163 Willow Drive
Easton, PA 18045
Full disclosure: INAM offered to pay for my round-trip ticket but I told them not to worry because the flight is already paid-for with my IRA withdrawal.
Not mentioned in the flyer is the healing mission INAM Philippines and I are doing between July 26 and 31 in Homonhon, an island off Eastern Samar in Central Philippines. I do not know if you can find Homonhon on your maps but you can probably get information about it on google. INAM Philippines is organizing the residents of the barangay and villages of the different islands to meet in Homonhon for the training. The INAM staff and I are going to teach Jade Mountain CNT, my version of Chi Nei Tsang organ massage, and INAM TaoRen Terapi, the protocols INAM and I developed last January.
To me, it is important to teach different techniques of rehabilitation, healing and transformation, including qigong, Tai Chi, massage, meditation, and exercises based on indigenous culture and tradition. The Philippines particularly needs the knowledge because of a history of colonization – under Spanish Conquista and US Manifest Destiny – that decimated much of native traditions. It is also important to share this knowledge and discipline of transformation because, as the wisdom goes, it is better to teach a man to fish than to just provide a meal. The practices that we are teaching are part of the Asian culture of self-healing and Yang-Sheng or Nourishing Life and will hopefully help contribute to the people’s recovery and the culture of self-reliance, health and autonomy.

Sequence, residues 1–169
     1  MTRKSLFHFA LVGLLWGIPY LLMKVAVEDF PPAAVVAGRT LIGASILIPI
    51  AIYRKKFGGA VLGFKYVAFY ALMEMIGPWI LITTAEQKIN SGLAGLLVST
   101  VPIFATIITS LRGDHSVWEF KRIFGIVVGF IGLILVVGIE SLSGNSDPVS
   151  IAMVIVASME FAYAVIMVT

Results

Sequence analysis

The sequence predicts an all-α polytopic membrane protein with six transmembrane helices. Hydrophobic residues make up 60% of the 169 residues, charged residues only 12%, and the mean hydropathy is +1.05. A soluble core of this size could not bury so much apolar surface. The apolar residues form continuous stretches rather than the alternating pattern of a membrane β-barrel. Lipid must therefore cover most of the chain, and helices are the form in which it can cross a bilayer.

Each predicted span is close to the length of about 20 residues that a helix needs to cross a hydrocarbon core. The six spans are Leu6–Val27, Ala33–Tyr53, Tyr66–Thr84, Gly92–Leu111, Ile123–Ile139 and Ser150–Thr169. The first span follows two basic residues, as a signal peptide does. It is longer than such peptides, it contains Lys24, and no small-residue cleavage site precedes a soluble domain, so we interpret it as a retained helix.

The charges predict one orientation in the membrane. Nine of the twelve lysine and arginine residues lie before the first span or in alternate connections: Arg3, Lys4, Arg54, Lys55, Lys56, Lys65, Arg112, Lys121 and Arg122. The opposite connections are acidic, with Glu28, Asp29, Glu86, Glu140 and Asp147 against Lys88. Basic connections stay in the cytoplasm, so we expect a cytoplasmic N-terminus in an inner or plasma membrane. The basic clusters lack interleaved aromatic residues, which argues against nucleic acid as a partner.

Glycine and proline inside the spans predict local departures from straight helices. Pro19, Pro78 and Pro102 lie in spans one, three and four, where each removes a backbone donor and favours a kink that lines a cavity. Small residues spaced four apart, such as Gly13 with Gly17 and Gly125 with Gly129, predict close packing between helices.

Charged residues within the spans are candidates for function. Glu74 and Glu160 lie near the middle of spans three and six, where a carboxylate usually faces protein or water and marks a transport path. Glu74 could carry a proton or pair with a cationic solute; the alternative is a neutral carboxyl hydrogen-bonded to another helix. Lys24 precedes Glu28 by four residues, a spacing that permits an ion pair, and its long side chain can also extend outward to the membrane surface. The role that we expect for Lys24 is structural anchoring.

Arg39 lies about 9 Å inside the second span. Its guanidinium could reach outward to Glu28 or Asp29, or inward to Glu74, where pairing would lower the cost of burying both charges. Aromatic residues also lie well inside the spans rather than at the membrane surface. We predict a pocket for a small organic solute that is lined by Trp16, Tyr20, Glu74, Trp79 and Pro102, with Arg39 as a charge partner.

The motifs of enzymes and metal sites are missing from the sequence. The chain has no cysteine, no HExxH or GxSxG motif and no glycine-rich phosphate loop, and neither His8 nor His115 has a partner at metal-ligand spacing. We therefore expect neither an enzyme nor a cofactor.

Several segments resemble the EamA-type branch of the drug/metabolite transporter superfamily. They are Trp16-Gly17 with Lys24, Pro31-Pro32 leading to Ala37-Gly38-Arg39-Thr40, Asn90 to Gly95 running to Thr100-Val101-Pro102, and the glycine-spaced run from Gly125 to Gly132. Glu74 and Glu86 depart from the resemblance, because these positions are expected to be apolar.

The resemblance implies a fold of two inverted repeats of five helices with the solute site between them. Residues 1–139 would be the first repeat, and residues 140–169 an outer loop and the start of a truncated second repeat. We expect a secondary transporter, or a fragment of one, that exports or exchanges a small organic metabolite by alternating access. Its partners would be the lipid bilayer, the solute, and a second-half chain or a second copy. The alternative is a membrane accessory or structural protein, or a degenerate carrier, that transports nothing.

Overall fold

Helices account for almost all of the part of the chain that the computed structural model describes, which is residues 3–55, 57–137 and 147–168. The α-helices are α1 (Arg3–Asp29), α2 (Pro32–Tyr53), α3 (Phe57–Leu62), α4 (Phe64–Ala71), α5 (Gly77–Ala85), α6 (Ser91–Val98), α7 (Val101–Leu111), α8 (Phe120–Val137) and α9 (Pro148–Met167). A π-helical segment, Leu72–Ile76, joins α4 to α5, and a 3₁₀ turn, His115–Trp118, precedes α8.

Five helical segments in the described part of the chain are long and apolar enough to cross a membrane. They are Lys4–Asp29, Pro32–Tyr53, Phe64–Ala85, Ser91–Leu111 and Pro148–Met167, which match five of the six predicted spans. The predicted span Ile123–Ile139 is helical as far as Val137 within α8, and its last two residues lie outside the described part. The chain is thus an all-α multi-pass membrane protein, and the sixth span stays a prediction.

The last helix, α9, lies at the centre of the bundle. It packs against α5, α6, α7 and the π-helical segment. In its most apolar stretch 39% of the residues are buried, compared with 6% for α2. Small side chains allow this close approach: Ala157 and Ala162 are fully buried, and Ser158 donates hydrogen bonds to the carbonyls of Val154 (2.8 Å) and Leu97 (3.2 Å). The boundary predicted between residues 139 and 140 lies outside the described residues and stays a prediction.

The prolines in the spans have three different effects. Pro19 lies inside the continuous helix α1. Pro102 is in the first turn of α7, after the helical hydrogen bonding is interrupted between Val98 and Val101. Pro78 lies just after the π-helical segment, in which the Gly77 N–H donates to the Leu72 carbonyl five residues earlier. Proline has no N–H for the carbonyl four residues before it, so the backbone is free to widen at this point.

If you are interested in attending any of the seminars, you are definitely welcome. The exchange rate is usually PhP40/45 to US$1. We are not posting a different tuition fee for foreigners. INAM Philippines can help make arrangements for your accommodations near the venue of the seminars. Before or after the seminars, you can make your own arrangement to visit any of the beautiful places in the country: the Banawe Rice terraces up north, the beaches of Puerto Princesa and Coron, Palawan or the Hundred Islands in Pangasinan, among others. There are other accessible places in or near Manila – Fort Santiago (remnant of the Spanish era where Jose Rizal, the national hero, was incarcerated before his public execution in the nearby park), Taal Volcano (a lake inside a volcano inside a lake inside a volcano), Banahaw (the Philippine holy mountain) or the beaches of Batangas. I have posted photos of some of these spots in my website blog the last 2 years.
Blessings to you, always,